Tuesday, December 9, 2008

The Last Poem du Jour

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Good friends:

This will be the last entry in this blog. I've run through all 99 surviving emails (yes! this one is Old Hundredth!) and while I would be perfectly content to go on writing light prose about good poems forever, it simply wouldn't be the responsible thing to do. I have a living to make and literary immortality to earn. So I can't afford to indulge myself.

As a farewell, however, I thought I'd break with precedent and write an original letter covering something that wasn't discussed in any of the emails to Sean and his friends. Here it is, and a great poem, too. It's from William Shakespeare's The Tempest:

Our revels now are ended. These our actors,
As I foretold you, were all spirits and
Are melted into air, into thin air:
And, like the baseless fabric of this vision,
The cloud-capp'd towers, the gorgeous palaces,
The solemn temples, the great globe itself,
Yea, all which it inherit, shall dissolve
And, like this insubstantial pageant faded,
Leave not a rack behind. We are such stuff
As dreams are made on, and our little life
Is rounded with a sleep.

Lovely stuff, innit? The play becomes life, the world becomes the Globe, and in a handful of words Shakespeare renders the essential tragedy of human life beautiful. It's yet another poem that I'm tempted to simply put before your eyes and then silently step back from without comment.

But the formula for this series of letters has been simple: The poem is presented in a non-threatening way. The reader is encouraged to simply read it and let the words wash over him or her, without getting too analytical about it. And then I drop in some easy tid-bit of insight into the poem which any English major would know already, but is worth hearing nonetheless. Followed, sometimes, by a light observation taken from my own life, and then something not entirely dissimilar to a moral.

Here's the tid-bit: The poem doesn't exist in the above form in the play itself. It's part of a speech which in its entirety goes:

PROSPERO.
You do look, my son, in a mov'd sort,
As if you were dismay'd: be cheerful, sir:
Our revels now are ended. These our actors,
As I foretold you, were all spirits and
Are melted into air, into thin air:
And, like the baseless fabric of this vision,
The cloud-capp'd towers, the gorgeous palaces,
The solemn temples, the great globe itself,
Yea, all which it inherit, shall dissolve
And, like this insubstantial pageant faded,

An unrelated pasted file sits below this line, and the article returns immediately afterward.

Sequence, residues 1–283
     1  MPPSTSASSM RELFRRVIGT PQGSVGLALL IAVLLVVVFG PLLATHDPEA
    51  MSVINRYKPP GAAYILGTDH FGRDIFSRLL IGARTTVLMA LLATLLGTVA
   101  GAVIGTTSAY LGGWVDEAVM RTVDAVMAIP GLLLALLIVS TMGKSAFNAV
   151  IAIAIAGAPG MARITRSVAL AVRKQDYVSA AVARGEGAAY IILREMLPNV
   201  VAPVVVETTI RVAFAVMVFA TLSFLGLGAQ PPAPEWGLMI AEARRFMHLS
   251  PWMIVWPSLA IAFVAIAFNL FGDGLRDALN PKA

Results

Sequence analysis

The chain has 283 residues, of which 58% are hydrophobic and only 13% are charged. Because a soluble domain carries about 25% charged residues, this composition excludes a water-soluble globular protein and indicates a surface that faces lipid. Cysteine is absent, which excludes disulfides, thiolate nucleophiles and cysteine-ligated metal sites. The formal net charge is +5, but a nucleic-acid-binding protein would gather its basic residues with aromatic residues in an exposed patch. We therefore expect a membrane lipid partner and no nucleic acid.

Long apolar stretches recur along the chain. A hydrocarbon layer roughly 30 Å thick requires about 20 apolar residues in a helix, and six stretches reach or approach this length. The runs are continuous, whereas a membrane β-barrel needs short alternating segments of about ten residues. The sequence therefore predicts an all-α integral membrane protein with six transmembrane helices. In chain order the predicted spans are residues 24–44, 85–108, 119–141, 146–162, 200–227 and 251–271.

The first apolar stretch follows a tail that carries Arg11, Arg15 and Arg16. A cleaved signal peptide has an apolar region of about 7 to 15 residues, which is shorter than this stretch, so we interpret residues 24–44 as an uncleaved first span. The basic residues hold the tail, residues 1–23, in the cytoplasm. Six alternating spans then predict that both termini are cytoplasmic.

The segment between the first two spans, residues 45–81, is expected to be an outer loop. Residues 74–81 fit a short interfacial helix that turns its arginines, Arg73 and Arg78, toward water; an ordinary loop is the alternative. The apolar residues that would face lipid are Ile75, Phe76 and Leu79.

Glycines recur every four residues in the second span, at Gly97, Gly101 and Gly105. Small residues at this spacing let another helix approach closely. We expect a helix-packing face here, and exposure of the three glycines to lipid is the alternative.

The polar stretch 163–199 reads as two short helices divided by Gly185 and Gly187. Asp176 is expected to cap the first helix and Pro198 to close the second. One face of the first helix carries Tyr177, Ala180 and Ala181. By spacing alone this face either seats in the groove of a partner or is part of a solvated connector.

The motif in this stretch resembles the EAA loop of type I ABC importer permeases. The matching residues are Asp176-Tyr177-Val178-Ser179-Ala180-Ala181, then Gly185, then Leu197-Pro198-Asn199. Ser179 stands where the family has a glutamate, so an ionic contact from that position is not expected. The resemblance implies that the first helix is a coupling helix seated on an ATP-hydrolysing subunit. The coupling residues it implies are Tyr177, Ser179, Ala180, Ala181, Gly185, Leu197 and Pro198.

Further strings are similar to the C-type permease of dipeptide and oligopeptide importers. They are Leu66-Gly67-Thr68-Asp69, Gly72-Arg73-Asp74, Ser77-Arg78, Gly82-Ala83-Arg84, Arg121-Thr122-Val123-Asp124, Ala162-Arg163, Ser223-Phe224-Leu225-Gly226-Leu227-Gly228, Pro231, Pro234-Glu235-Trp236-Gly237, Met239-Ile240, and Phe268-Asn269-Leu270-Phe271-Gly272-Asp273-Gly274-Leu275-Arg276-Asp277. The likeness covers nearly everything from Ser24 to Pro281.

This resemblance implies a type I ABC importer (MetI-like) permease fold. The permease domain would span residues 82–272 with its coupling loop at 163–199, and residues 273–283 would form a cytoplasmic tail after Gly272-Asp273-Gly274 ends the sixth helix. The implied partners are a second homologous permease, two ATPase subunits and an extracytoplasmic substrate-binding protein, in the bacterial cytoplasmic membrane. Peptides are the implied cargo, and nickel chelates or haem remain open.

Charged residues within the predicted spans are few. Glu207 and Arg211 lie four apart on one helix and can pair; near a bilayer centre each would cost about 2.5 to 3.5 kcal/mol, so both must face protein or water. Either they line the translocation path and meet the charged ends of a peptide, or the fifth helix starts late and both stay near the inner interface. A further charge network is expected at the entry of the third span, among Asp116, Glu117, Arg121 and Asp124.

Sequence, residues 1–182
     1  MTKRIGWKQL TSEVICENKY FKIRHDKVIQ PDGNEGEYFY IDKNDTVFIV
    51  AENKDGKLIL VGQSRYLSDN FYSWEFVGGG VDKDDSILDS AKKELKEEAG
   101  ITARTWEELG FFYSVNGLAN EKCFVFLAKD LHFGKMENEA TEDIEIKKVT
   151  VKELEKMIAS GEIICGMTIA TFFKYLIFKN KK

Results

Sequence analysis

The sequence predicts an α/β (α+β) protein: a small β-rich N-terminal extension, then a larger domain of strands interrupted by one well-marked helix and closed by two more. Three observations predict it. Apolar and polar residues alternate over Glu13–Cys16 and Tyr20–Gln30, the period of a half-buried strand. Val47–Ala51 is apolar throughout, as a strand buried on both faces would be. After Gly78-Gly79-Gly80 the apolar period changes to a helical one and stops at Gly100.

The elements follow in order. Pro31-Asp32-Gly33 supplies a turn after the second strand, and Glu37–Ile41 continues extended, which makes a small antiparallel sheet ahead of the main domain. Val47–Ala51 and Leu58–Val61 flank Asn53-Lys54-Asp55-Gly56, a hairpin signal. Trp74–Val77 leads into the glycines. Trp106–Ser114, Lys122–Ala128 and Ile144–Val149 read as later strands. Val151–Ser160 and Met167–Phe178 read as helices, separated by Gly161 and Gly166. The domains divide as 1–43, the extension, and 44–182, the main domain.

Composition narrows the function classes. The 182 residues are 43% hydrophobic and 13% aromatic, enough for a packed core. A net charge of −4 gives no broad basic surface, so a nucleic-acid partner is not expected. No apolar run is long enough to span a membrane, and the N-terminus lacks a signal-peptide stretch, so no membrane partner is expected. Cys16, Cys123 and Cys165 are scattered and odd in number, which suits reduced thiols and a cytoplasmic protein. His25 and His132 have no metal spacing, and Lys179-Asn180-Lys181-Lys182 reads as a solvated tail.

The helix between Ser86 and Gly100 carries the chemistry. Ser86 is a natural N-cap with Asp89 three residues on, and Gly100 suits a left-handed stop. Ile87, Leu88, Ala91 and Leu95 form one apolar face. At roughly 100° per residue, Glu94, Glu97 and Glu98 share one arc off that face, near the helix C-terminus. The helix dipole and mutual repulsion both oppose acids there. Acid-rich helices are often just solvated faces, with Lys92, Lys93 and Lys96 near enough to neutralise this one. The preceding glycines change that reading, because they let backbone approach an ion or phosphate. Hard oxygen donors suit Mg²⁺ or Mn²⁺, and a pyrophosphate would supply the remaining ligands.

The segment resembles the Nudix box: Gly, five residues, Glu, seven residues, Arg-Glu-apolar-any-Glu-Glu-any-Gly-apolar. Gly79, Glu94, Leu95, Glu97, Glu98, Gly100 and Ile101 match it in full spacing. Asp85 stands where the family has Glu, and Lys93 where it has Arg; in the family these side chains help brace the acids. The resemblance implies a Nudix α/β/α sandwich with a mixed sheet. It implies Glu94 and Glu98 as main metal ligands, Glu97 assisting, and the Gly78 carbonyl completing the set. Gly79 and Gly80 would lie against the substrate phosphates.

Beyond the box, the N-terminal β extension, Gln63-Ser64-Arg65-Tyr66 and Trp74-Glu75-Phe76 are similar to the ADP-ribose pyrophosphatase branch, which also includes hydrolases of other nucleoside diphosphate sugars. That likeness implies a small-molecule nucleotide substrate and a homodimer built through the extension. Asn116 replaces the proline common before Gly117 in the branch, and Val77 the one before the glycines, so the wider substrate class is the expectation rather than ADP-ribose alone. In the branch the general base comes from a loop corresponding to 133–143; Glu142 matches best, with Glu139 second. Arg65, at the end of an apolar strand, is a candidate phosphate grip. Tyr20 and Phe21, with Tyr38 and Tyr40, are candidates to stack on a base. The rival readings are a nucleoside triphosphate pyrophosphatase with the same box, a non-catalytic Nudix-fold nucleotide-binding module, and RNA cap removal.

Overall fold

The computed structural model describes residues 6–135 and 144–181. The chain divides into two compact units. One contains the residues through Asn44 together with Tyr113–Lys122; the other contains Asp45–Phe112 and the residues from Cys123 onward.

Leave not a rack behind. We are such stuff
As dreams are made on, and our little life
Is rounded with a sleep.--Sir, I am vex'd:
Bear with my weakness; my old brain is troubled.
Be not disturb'd with my infirmity.
If you be pleas'd, retire into my cell
And there repose: a turn or two I'll walk,
To still my beating mind.

Wait! Wait! you say. Do I mean to say that the first excerpt isn't really a poem? Not a bit of it. Shakespeare was a poet and so he would write poems and then place them into the speeches and dialogue of his lowbrow hackwork. (What you and I would call the immortal and divinely inspired blah blah blah. Shakespeare wrote plays because he needed to earn a living. Given an independent income, he probably would have stuck entirely to verse.)

And here's the autobiographical bit: I swiped the poem and dumped it whole into the end of my novel Bones of the Earth, to make explicit what I was doing there. Which is to say I was using the poem for my own practical purposes, exactly as Shakespeare did when he included it in The Tempest.

Finally, here's the lesson I want you to take from this: Poems are useful things. They can give you courage. They can make you look witty. They can help you punch up a monologue in your lastest play. Pick one up the way your Australopithecine ancestors might have picked up a stick or a rock. Then use it as a tool. To what purpose is entirely up to you.

Now I take my bow.

Good night,
Michael

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2 comments:

Markin said...

[applause applause]

If I hadn't read your books, I'd be tempted to suggest you drop the day-job, though, and keep the poetry exegesis going. [laughter] Nah, seriously: I am going to miss it. I am grateful to you for writing this series and putting it online, and to Sean for needing it.

As for Bones of the Earth ... it is, as I hope you are aware, sitting on the shelves of the Vertebrate Palaeontology library at the Smithsonian. Catalogued it myself, I did. :)

Michael Swanwick said...

I'm extremely glad to hear that. Particularly since it means that Ralph Chapman's old office in the Smithsonian is preserved for posterity.

Back to work with me! The novel needs to be written.